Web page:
Songs in the Key of Life

The Meaning of Soul: Black Music and Resilience since the 1960s BY Emily J. Lordi. Durham, NC: Duke University Press. 232 pages. $25.

The cover of The Meaning of Soul: Black Music and Resilience since the 1960s

IN AUGUST 1969, the Billboard “Hot Rhythm & Blues Singles” chart was rechristened “Best Selling Soul Singles.” A new type of music had emerged, “the most meaningful development within the broad mass music market within the last decade,” according to the magazine. The genre mystified much of the mainstream press. Publications like Time announced soul music’s birth one year earlier as if it were a phenomenon worthy of both awe and condescension. Its June 1968 issue featured Aretha Franklin as its cover star and called the music “a homely distillation of everybody’s daily portion of pain and joy.” Franklin was “a chunky, 5 foot 5 in girl” who sang with “gritty conviction.” Her ability to keep a crowd on its feet was attributed to the personal losses she had endured: Franklin’s mother left the family when she was six and died just before she turned ten; by fourteen, Franklin herself would become a mother. According to this reasoning, soul music was not art so much as an unrefined expression of hardship. In The Meaning of Soul, Emily J. Lordi addresses these misapprehensions by creating a genealogy of the music through close listening and a thorough review of the contemporary literature, much of it written by Black journalists and critics. “A broader misremembering of the civil rights and Black Power movements” has skewed soul music’s history, she writes, arguing that it was more heterogenous and more imaginative than it’s been given credit for. In Lordi’s sophisticated and perceptive rendering, “soul logic” encompasses “the term’s racial-political meanings,” and also reflects a “kind of virtuosic survivorship” made manifest in the details of the music.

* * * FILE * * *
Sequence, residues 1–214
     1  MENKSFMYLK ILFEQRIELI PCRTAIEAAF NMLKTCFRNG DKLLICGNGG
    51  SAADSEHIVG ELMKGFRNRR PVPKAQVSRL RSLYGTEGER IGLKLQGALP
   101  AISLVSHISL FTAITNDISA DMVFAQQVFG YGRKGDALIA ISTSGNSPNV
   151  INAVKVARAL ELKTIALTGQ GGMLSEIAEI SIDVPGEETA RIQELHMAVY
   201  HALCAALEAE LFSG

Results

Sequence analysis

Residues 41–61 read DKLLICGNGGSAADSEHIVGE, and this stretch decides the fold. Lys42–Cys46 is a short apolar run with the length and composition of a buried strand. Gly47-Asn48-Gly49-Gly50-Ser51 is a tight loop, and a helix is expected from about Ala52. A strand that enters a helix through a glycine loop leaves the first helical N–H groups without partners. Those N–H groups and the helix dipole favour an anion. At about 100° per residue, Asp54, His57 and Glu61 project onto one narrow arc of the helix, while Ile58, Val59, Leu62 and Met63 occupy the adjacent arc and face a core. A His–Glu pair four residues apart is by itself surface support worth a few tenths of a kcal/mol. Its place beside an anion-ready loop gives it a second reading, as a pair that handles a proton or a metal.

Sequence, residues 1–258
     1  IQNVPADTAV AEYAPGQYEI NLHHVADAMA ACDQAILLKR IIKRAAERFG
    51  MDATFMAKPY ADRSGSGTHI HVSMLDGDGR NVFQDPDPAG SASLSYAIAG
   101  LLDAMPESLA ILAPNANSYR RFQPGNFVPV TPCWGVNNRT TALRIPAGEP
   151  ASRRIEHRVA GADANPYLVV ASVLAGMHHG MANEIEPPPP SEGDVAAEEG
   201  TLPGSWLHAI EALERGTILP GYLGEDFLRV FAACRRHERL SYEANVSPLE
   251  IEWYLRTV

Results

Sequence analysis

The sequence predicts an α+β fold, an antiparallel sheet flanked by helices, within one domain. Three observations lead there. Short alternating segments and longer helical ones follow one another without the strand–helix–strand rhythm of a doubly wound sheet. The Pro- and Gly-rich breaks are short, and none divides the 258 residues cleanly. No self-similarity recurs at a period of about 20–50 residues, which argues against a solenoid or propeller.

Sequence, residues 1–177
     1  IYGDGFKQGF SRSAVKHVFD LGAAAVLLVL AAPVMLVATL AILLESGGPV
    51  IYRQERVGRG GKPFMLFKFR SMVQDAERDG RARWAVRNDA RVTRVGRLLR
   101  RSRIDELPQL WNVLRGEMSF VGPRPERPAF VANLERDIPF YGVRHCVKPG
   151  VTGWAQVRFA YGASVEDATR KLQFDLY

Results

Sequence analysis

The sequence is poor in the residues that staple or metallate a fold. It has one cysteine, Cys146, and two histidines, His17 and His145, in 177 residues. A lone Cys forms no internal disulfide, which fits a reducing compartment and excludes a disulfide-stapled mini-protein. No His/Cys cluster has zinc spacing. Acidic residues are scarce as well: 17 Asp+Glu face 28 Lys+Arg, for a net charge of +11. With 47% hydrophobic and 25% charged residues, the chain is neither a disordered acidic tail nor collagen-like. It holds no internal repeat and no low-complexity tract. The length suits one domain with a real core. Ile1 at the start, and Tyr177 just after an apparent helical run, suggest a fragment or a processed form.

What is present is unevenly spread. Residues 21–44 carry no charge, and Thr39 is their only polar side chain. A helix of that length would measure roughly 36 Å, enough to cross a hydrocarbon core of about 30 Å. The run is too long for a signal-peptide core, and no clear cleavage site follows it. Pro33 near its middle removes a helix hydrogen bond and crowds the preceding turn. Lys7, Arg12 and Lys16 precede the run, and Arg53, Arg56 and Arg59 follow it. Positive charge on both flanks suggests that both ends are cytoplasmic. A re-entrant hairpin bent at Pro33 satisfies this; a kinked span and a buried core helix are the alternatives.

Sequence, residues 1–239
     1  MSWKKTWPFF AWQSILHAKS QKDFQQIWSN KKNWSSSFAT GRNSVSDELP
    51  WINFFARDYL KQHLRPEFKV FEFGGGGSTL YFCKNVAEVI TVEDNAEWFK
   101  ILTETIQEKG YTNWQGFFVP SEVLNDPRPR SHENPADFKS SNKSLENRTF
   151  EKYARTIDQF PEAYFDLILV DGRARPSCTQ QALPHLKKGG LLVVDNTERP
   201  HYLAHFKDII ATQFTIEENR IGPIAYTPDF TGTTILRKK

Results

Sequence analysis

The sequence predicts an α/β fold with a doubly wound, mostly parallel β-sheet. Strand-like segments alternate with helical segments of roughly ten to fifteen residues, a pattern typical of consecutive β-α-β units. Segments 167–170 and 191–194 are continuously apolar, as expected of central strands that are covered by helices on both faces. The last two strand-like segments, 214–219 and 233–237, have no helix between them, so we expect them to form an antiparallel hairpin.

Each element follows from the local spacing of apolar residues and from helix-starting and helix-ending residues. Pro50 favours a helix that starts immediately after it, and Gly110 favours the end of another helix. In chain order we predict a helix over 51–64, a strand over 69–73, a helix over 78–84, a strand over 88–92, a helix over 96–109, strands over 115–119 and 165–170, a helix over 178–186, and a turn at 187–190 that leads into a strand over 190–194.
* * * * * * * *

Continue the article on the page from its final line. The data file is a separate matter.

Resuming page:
Misreadings of the music have often been based on everything but the music. In Lordi’s estimation, “the aesthetics of soul” have been undertheorized, with many critics placing it in a vaguely political context that deemphasizes the musical choices and inventiveness of well-trained artists like Franklin or Nina Simone. In a similar vein, a younger generation of “post-soul” scholars have critiqued the music’s apparent shortcomings—its lack of patience with unorthodox notions of Blackness, its heterosexism and reverence for masculinity. Working against the masculinization of Black history, Lordi insists that women and queer people were central to the creation and performance of soul music from the beginning. If there is a unifying theme in her books, articles, and essays, it is an interest and sincere belief in the breadth of Black expressive culture, exemplified by the left-of-center virtuosity of artists like singer-songwriter Donny Hathaway or poets Nikki Giovanni and Lucille Clifton.